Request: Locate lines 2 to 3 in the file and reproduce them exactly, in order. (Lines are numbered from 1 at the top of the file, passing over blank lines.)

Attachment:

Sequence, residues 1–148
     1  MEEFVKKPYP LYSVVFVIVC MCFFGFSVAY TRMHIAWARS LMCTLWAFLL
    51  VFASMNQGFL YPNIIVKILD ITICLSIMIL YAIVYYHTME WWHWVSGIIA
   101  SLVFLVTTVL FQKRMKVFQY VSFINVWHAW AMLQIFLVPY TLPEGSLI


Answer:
     1  MEEFVKKPYP LYSVVFVIVC MCFFGFSVAY TRMHIAWARS LMCTLWAFLL
    51  VFASMNQGFL YPNIIVKILD ITICLSIMIL YAIVYYHTME WWHWVSGIIA